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Beto O'Rourke, Ted Cruz make last-minute appeal to Texas voters

Beto O'Rourke, Ted Cruz make last-minute appeal to Texas voters close Video Cruz, O'Rourke remain locked in tight Senate race Candid...

Beto O'Rourke, Ted Cruz make last-minute appeal to Texas voters

closeCruz, O'Rourke remain locked in tight Senate raceVideo

Cruz, O'Rourke remain locked in tight Senate race

Candidates are in the final hours of the campaign in Texas; Casey Stegall reports from El Paso on the high voter interest.

EL PASO, Texas â€" A year ago today, no one imagined there would even be a race for Ted Cruz’s Senate seat in Texas. But in the months that ha ve passed, Beto O’Rourke, an all but unknown congressman from El Paso, has gained a national spotlight and raised $38 million in the third quarter.

O’Rourke has raised more money than Cruz â€" more than any other Senate candidate ever. Cruz has an idea why his rival is getting attention and raising big bucks.

“If you’re a crazy left-wing activist,” Cruz said, “you’ve got this guy in Texas pledging to go after and impeach Trump.”

But O’Rourke brushes that aside, claiming Cruz is just playing politics.

“You’re going to be hard-pressed to ever hear me talk about Sen. Cruz or the president or really anybody else,” said O’Rourke, claiming he’d rather emphasize his vision for Texas.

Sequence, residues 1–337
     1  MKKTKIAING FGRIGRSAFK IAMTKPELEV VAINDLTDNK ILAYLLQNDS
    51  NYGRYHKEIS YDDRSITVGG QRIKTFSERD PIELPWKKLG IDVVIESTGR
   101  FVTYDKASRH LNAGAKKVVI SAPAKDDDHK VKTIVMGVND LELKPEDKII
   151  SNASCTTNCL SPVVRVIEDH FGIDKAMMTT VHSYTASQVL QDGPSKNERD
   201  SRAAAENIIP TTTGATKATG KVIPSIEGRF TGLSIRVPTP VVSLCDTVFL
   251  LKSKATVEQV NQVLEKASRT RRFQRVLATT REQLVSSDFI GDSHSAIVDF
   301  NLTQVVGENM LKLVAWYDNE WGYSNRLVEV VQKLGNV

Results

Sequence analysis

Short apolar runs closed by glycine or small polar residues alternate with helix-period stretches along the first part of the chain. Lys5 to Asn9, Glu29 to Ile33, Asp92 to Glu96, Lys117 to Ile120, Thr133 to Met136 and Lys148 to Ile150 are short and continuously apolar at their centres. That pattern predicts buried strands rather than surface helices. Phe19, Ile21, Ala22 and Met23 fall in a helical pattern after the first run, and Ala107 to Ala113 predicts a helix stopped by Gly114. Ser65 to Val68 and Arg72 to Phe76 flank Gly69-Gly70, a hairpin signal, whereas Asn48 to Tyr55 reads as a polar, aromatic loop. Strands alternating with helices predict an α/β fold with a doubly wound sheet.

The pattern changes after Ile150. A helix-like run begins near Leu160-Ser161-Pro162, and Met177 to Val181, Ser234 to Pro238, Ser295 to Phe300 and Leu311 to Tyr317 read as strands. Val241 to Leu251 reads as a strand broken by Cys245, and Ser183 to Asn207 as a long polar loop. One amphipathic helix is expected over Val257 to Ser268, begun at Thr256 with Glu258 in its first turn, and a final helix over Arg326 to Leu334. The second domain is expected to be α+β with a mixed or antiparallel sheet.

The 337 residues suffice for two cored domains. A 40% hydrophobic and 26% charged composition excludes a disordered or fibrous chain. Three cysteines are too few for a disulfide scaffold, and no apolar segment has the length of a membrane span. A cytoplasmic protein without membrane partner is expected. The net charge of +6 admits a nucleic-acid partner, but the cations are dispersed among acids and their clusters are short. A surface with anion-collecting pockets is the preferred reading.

The day before Tuesday’s midterm election, Texas voters have a stark choice. The two men’s visions for the state and the country are diametrically opposed. Cruz wants a border wall. O’Rourke is against it. Cruz opposes giving Dreamers a path to ci tizenship. O’Rourke wants one. Cruz wants to end Obamacare. O’Rourke is for expanding Medicare. The differences go on and on.

Both men have been crisscrossing the state in the last couple of weeks of the campaign, attempting to eke out last-minute gains. The voting climate in Texas is enthusiastic.

During the two weeks of early voting leading up to Election Day, voting has been almost on par with the last presidential election â€" well above the most recent midterms. Experts say many of those voting are new voters.

“Early voting numbers in a place like Texas indicate an enormous number of people who have no vote history,” said Daron Shaw, a professor at the University of Texas at Austin who is a member of the Fox News Decision Team. “Republican consultants I know are basically sort of conceding... that Beto O’Rourke is going to win the lion share of that new voter.”

Does that mean O’Rourke gets the win? Not so fast. Most experts doubt it.

< p>“It has been 25 years since a Democrat won a statewide race in Texas,” said Cal Jillson, a political science professor with Southern Methodist University. Most polls have had incumbent Cruz up throughout the race by varying margins.

“This is Texas,” Jillson said.

Texas also has a gubernatorial race this year with Gov. Greg Abbott solidly ahead of his opponent, former Dallas County Sheriff Lupe Valdez. That race is expected to bring out Republican voters to help Cruz.

Both candidates will have their watch parties in their respective hometowns -- Cruz in Houston and O’Rourke in El Paso.

Source: Google News | Netizen 24 United States

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